Moses, the head of the World's Fair, flew out to see Walt at
what we called WED at that time. He insisted that Walt had to
give him this Abraham Lincoln. Well, we didn't have the technology
for it....and this was when Walt put me on it. I have a notebook
in there that I did, "How To Build A Mechanical Man"....and
all of this was wrong. We weren't building a mechanical man....we
were building an illusion. An illusion of man. That took a while
to soak into me and into everyone else.
I want to show you something I think
you'll be interested in. Walt told me that he wanted to build
Abraham Lincoln. He knew I knew a lot about anatomy and things,
so I went ahead and put these drawings together. This sequence
shows Mister Lincoln standing up. Here are the different movements
that Lincoln went through in his performance. You know, they
say somebody else animated that....that's a lot of crap. This
is Mister Lincoln, and these are the things he had to do. Here,
he leans forward....and he rises, watching the center of gravity.
Then, see where he has to move this one leg? This is what I mean
by the illusion.
THE "E" TICKET: It's difficult to comprehend the amount of
effort it must have taken to turn these concepts into a finished
attraction in 12 months!
Well, when we got him built, Mister Lincoln would go through
his performance...everything would be fine, and then, all of
a sudden, there'd be some kind of glitch and he'd become a "spastic"
suddenly. The poor sound men would have to come back night after
night and redo the tapes that would control the figure. And after
two weeks ... I guess the Fair was open ... Robert Moses decided
he wanted to see this Mister Lincoln, since he'd talked the State
of Illinois into buying it. He came into the Mister Lincoln show
with all of the New York "ward healers" and their wives
... and we had to run it for them. This was maybe 11:00 in the
morning. I sat next to Dick Irvine, and he sat next to Walt.
There was General Potter, the one time head of the Panama Canal,
and he was Bob Moses' assistant. General Potter sat on my right,
as I recall, and then there was Moses and all the other officials
and their wives.
Mister Lincoln went through his performance
... and God ... not one glitch! We wanted to hug him! The only
thing was, you couldn't go up and hug a big pile of machinery
like that because it could kill you. This thing had 500 pounds
of hydraulic pressure ... it could kill you. Sometimes you worked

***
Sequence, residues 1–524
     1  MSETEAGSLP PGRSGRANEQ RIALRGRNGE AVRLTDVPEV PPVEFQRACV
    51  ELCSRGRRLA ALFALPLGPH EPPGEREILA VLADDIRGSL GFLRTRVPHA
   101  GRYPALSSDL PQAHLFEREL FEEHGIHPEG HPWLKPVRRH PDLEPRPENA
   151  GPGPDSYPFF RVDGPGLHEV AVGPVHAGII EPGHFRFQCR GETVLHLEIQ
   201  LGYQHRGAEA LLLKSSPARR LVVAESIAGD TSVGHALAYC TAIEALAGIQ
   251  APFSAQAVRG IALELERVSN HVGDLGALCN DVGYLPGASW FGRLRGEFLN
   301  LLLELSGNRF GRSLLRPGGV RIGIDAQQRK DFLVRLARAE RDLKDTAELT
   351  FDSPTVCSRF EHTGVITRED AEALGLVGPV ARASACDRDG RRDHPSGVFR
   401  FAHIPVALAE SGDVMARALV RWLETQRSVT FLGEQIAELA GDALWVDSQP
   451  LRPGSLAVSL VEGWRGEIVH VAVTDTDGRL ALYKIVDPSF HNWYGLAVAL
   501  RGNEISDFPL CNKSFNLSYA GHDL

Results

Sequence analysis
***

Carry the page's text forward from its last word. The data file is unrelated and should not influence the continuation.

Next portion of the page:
on it and you forgot that it wasn't a human being. If somebody
fooled around, this thing could floor you!
You know, on Mister Lincoln I didn't
turn the knobs that controlled him myself, but someplace you'll
find my "dialogue sheets" all marked out just like
you do for animation ... every move Lincoln was to make ... and
whether it was a larger move, to turn his hand at this point,
and so on.
THE "E" TICKET: Did they refer to those as a script, or something
Well, they didn't call it anything. It was just the "animation
pattern" so that the guys that turned the knobs could follow
and watch along with it, to animate the figure. I see an awful
lot of this stuff done now, and it's so meager and so poorly
thought out ... and it doesn't come to life. Mister Lincoln did
come to life, to a point. When the attraction was opened to the
public, the New York Times, in their Sunday section, reviewed
it full-page and said, "At this point Mister Lincoln stands
up and walks forward on the stage, and delivers his address."
The illusion was that good, that this reviewer thought that Lincoln
literally walked forward. I think that was a hell of a compliment.
The "E" TICKET: Of the four attractions at the World's Fair,
was "Great Moments With Mr. Lincoln" the most complex?
Well it was the one where we "sweated blood." You know,
Walt was about ready to cut his own throat and we were ready
to jump off the bridge with him. You know it was horrible! You
can't believe ... here we were, stuck with something and Walt
didn't have the technology to have accepted that assignment at
THE "E" TICKET: And you were actually at the elbow of everyone
working on the installation during that time?
Oh absolutely! It was like working on the first automobile or
the first airplane or whatever and you didn't know whether it
was going to fly or not.
Source: The E-Ticket
Magazine Issue #7 (Summer 1989). © The E-Ticket
Magazine. Reprinted with Permission.